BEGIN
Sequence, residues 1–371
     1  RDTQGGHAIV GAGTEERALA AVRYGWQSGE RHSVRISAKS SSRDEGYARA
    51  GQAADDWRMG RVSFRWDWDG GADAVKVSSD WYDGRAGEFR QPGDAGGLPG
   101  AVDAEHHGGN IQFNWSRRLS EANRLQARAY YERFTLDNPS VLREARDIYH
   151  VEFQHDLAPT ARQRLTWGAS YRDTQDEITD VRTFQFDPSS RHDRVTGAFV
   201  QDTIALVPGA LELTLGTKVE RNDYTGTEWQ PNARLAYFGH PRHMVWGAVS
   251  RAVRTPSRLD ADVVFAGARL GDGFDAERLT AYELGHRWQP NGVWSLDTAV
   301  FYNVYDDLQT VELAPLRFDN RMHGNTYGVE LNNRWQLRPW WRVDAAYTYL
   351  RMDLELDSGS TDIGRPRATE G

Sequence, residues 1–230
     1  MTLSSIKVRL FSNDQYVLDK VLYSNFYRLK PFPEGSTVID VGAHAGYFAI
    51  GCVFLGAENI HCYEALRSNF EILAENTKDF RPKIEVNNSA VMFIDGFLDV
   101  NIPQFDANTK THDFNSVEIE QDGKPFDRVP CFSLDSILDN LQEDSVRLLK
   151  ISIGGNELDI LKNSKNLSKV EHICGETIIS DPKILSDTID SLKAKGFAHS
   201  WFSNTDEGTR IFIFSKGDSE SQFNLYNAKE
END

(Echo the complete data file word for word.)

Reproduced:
Sequence, residues 1–371
     1  RDTQGGHAIV GAGTEERALA AVRYGWQSGE RHSVRISAKS SSRDEGYARA
    51  GQAADDWRMG RVSFRWDWDG GADAVKVSSD WYDGRAGEFR QPGDAGGLPG
   101  AVDAEHHGGN IQFNWSRRLS EANRLQARAY YERFTLDNPS VLREARDIYH
   151  VEFQHDLAPT ARQRLTWGAS YRDTQDEITD VRTFQFDPSS RHDRVTGAFV
   201  QDTIALVPGA LELTLGTKVE RNDYTGTEWQ PNARLAYFGH PRHMVWGAVS
   251  RAVRTPSRLD ADVVFAGARL GDGFDAERLT AYELGHRWQP NGVWSLDTAV
   301  FYNVYDDLQT VELAPLRFDN RMHGNTYGVE LNNRWQLRPW WRVDAAYTYL
   351  RMDLELDSGS TDIGRPRATE G

Sequence, residues 1–230
     1  MTLSSIKVRL FSNDQYVLDK VLYSNFYRLK PFPEGSTVID VGAHAGYFAI
    51  GCVFLGAENI HCYEALRSNF EILAENTKDF RPKIEVNNSA VMFIDGFLDV
   101  NIPQFDANTK THDFNSVEIE QDGKPFDRVP CFSLDSILDN LQEDSVRLLK
   151  ISIGGNELDI LKNSKNLSKV EHICGETIIS DPKILSDTID SLKAKGFAHS
   201  WFSNTDEGTR IFIFSKGDSE SQFNLYNAKE